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What to Do With ‘Stuff’ Your Holiday Gifts Replaced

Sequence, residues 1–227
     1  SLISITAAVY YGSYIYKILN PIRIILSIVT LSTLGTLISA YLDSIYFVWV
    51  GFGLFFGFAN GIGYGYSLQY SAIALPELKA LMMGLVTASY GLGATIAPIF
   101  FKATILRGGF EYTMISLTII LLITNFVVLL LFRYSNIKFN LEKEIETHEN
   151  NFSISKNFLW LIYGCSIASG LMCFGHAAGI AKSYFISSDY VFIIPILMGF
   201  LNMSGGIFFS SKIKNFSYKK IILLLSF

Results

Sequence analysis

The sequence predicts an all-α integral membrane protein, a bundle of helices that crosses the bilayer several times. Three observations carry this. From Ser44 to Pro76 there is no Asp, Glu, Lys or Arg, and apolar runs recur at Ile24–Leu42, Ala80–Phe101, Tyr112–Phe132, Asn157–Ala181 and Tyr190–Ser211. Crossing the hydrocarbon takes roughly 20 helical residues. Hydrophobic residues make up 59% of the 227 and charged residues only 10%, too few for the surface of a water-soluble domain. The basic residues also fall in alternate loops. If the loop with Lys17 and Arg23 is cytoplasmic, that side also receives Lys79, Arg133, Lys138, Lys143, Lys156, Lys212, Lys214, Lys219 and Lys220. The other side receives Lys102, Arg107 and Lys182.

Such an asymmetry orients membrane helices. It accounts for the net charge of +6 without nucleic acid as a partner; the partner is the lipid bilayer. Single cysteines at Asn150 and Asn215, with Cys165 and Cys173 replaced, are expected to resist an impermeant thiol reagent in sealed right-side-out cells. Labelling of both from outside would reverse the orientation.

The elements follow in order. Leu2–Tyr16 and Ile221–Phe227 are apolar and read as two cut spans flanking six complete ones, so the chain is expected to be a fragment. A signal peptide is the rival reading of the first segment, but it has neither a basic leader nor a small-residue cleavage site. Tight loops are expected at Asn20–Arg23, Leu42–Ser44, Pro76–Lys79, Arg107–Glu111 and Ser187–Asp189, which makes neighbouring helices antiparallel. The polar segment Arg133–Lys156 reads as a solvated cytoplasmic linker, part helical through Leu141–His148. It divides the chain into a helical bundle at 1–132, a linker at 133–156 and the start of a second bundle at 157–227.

This week’s Green Tip, courtesy of Penn College Energy Conservation Subcommittee via Earth911.com, is born of the challenge that each new year/new semester brings: finding space for thenew … while dealing with where to put the old. Sixty-two percent of consumers bought electronics this holiday, according to Consumer Reports Holiday Shopping Report. It is important to either reuse or recycle the outdated item/device being replaced. E-waste is generally considered anything that plugs into a wall or accepts batteries, and Americans generate about 2.2 million tons of it every year. Because these items contain a wide variety of potentially toxic materials (including lead, nickel and mercury), dumping in a landfill disturbs groundwater and soil. There are two good options for proper e-waste disposal: donation and recycling. Most retail storeaccept e-waste for free. For more information on recycling/donation solutions for this and other items such as toys, CDs, tapes, gift cards and clothing, visit online.

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